There the cop meets a young female punk who attempts to help him crack the case of the metal maniac killer roaming the streets. Yeah, Blue Vengeance has got some pretty fun and colorful characters at it’s core that bring a certain odd charm to the whole viewing experience. The killer has delusions of being stuck in some midieval fantasy of swords and sorcery that drive his rampage further down a rabid rabbit hole. While the cop and his underage punk rocker sidekick have a sort of weird romantic relationship going on that somehow works without getting too creepy. The movie’s pretty cool on it’s own as a basic low budget 80’s cop thriller with some strong horror themes for most of it’s duration but it really ramps things up in it’s glorious final act. That’s when things go in ultimately ridiculous directions in it’s final showdown and it’s well worth the wait. There’s some surprising moments of gore to behold here as well and some really entertaining dialogue, while none of it can be taken too seriously, I truly admire how surprisingly straight it’s all played. Check this one out, I think it’s on Amazon Prime now and also available on blu ray! A great hidden late 80’s gem!
I’m not real familiar with with Indonesian cinema, but last night I watched a dvd (yeah a DVD folks!!!!) I got in the mail from Netflix that’s been in my queue for well over a year. The 1984 Swords and Sorcery fantasy martial arts adventure, ‘The Devil’s Sword’ from director Ratno Timoer. I really didn’t have any expectations, in fact I was fully prepared to turn this one off after 10 minutes, however that was most definitely not the case. Nope! Instead The Devil’s Sword immediately won me over with some impressive joyfully bad choreographed magical martial arts battles taking place in a truly stunning exotic jungle location. If you’re a fan of cheezy fantasy movies from the 1980’s then this one’s gonna be right up your damn alley. It’s also alerted me to the Indonesian action star Barry Prima, maybe I’m late to the Prima party, but a quick look on Letterboxd at his filmography revealed what appears to be an overload of action, fantasy, horror hybrid gems just waiting to be leaped into.
This one has pretty much got it all, wildly stupid martial arts, sword battles, magic, monsters, babes & hunks galore! All of it 100% ridiculous, macho man Barry Prima stars as “Mandola”, basically “Rambo the barbarian” looking remarkably similar to Sly Stallone (with a smooth fully stupid dub track that seems like it might even enhance viewing pleasures). He’s also got a radical bad ass female co star, who right out of the gates lays a smackdown on a gang o’ goons & who aids the mighty Mandola in his epic quest to destroy a wicked witch, the sultry and seductive Crocodile queen! She’s indeed quite a woman and has tons of male sex servants one of them the kidnapped husband of Mandola’s female ally! She’s also got a gang of some of the worst, most idiotic looking, crocodile/human minions that really just have to be seen to be believed. Some of these fights too go on for way, way too long but in that sort of “They Live” sorta way. I mean check this out if you think I’m full of shit!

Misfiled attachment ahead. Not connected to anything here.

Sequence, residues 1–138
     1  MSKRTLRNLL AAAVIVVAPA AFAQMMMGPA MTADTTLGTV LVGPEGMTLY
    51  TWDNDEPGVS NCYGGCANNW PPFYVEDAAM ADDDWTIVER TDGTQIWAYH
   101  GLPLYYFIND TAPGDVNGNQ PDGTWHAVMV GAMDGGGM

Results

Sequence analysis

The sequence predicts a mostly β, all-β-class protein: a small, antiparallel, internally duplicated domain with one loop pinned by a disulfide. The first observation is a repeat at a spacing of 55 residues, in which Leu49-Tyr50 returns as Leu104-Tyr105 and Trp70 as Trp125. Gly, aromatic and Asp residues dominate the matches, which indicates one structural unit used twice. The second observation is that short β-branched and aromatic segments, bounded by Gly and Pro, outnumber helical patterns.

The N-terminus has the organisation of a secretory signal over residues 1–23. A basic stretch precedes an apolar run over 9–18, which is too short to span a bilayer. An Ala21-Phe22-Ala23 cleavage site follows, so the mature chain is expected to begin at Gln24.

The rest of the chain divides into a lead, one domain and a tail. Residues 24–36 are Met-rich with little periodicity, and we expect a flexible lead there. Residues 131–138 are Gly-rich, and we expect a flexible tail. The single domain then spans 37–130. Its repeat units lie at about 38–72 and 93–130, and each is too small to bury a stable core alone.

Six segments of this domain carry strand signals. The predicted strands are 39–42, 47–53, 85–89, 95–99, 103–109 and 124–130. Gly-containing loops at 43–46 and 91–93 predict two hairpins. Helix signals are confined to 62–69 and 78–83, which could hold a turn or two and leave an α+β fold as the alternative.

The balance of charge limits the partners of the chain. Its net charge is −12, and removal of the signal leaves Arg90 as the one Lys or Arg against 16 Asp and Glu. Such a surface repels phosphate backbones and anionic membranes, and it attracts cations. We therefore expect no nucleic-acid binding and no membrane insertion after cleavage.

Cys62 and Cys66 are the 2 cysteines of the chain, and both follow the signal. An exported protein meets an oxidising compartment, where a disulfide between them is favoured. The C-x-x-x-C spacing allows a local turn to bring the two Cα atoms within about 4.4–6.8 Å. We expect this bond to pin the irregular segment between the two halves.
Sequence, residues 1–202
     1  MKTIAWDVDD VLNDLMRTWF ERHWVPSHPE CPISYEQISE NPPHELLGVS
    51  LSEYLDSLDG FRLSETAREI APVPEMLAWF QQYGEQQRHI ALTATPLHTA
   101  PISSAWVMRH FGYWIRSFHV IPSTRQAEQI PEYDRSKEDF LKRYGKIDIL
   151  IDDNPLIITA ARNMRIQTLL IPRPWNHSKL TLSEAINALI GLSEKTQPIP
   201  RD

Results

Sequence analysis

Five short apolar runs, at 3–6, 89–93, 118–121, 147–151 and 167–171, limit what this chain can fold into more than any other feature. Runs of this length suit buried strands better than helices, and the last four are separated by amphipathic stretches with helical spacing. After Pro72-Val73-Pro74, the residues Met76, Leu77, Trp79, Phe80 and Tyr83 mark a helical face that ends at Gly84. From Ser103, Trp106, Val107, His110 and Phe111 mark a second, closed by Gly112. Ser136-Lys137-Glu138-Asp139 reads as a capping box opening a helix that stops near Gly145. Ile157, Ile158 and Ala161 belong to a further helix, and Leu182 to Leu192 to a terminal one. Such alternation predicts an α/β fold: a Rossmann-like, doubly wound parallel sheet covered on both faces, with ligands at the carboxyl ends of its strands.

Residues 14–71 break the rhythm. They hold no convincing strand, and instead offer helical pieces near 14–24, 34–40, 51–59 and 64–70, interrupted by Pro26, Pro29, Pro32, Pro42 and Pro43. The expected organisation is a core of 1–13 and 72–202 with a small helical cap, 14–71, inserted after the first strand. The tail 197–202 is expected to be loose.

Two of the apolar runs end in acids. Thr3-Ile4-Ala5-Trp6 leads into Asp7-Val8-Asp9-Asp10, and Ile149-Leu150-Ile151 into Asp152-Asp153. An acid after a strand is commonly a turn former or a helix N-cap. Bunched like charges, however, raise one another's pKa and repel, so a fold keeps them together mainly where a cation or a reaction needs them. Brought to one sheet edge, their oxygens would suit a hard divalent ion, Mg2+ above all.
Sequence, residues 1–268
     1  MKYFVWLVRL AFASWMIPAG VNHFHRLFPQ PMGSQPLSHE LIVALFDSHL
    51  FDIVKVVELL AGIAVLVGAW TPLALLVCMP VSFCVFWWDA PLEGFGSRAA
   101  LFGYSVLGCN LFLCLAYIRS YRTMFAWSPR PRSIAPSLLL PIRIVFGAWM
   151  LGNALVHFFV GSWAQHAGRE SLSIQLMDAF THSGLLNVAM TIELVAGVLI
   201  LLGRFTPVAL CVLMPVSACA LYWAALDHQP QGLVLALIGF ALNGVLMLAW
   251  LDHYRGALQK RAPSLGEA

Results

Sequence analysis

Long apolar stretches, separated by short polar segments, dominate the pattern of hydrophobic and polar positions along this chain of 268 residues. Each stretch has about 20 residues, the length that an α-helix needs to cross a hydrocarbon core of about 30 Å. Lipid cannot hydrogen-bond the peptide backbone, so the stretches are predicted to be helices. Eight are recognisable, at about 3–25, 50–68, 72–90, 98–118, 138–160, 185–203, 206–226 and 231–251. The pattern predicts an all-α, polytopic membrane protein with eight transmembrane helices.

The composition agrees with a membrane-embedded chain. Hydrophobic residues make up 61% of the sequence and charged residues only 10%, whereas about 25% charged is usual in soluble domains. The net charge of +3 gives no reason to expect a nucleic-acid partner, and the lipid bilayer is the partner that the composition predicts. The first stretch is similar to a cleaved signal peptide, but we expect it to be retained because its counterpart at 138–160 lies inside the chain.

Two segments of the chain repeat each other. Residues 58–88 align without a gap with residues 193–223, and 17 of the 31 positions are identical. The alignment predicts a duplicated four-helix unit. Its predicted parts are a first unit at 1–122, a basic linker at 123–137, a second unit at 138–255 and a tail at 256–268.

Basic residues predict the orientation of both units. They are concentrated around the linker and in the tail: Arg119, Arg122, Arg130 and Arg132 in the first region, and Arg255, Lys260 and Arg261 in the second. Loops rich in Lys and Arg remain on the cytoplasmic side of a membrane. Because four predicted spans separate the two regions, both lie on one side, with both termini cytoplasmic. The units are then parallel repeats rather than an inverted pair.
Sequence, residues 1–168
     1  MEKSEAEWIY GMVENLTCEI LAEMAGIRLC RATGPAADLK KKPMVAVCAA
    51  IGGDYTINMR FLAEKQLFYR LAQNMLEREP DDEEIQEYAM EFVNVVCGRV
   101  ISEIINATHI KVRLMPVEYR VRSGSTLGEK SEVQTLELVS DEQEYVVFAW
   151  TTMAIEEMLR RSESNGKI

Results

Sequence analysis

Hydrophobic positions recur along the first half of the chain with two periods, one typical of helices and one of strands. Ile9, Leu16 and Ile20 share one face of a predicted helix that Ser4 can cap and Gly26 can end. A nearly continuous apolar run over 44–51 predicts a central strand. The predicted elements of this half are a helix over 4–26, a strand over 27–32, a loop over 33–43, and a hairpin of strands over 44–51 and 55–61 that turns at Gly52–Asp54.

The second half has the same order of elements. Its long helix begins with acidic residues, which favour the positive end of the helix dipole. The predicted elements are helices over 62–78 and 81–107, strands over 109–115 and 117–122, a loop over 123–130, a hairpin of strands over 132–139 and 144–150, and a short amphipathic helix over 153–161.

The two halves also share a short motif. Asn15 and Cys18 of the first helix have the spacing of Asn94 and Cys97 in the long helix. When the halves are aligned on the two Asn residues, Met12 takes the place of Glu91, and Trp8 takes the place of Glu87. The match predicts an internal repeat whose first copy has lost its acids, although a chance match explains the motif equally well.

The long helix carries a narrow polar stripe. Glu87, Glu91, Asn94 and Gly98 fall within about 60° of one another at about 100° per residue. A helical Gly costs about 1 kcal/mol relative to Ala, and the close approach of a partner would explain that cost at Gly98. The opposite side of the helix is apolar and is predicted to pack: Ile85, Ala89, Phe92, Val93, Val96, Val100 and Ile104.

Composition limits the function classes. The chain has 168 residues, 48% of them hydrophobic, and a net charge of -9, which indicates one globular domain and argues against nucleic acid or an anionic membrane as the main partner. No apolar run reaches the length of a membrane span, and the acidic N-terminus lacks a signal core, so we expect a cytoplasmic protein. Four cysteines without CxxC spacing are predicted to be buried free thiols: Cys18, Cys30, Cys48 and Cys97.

Mandola ends up on this epic quest when some of The Crocodile Queen’s assassins injure his master’s legs and he himself is forced to saw them off! The Devil’s Sword definitely doesn’t skimp on some wild gore either, limbs and heads are chopped off, accompanied by sprays of blood. There’s also a dab of indiana Jones thrown in as Mandola explores caverns filled with hordes of bats and one supremely stupid looking giant cyclops! I guess they were lucky that Indonesia is such a beautiful place, because some of the locales add a solid a layer of legitimacy to the whole experience, suddenly I’m eyeing Indonesia as a future dream vacation.
The Devil’s Sword has really energized an interest in not only the country but also in some of the wild cinema it had to offer back in the 70’s & 80’s as well as a strong curiosity in it’s main man, Barry Prima! Check this flick out, it’s the perfect watch with a case of beer and some friends to enjoy all the unintentional wackiness strewn about the screen. There’s a dvd out there that Mondo Macabro put out years ago I think you can still snatch, or hey if you’re like me just put it on the dvd by mail list from Netflix!